Para/worlds: Entanglements of Art and History
The essays in this book engage in a broad range of topics, stretching from Anacreon and Horace to Kafka and Samuel Beckett, and they concern themselves with the notion of Art and Life as "para-worlds," or fields of being that elucidate and complete each other, answer and imply each other, confront and contradict each other: in short, with the "entanglements of Art and History." Pearce finds centrally that there is at present a crisis in literary criticism. On the one hand, there is a bustling and exciting crop of competing critical schools, each with its special mind-set, each tending to regard itself as the final hierophantic mode. On the other, it seems clear that criticism has recently become a part of higher pathology diagnosing and (if possible) eradicating, as Giles Gunn says, "the disease called literature." The result is that scholars and critics have become more and more self-conscious and obsessive about the purpose and methods of their work. The critical approaches that Pearce himself has employed in these essays are those of no one school or dogma but are almost as varied as the texts themselves, ranging from essays in classical scholarship, through new critical close readings, to postmodernist semiotic analysis. But whether traditional or innovative in method, each of these essays aims in the first instance to be what Anatole France once said all true criticism should be: "the adventure of the soul among masterpieces."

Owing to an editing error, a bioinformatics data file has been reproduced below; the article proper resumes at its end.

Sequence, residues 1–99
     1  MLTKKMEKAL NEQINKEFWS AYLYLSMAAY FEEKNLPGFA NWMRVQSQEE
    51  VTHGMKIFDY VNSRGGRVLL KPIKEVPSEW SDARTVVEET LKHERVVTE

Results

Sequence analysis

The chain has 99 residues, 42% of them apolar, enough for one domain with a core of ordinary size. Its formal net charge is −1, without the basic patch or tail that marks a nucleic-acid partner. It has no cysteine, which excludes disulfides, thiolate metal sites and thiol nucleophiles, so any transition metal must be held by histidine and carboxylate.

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By an immortal sickness which kills not ; It works a constant change , which happy death Can put no end to ; deathwards progressing To no death was that visage ; it had passed The lily and the snow ; and beyond these I must not think ...
Cleopatra's death is presented as a Roman , not an Egyptian , death , a most illustrious one , with a deliberately formal and exemplary quality about it ; a criterion , it could almost be said , among deaths .
This is the real meaning of Cleopatra's death scene as he presents it . For though it is one of the most familiar pictures in history , or in literature , it is not really a “ documentary ” scene at all , but one deliberately ...
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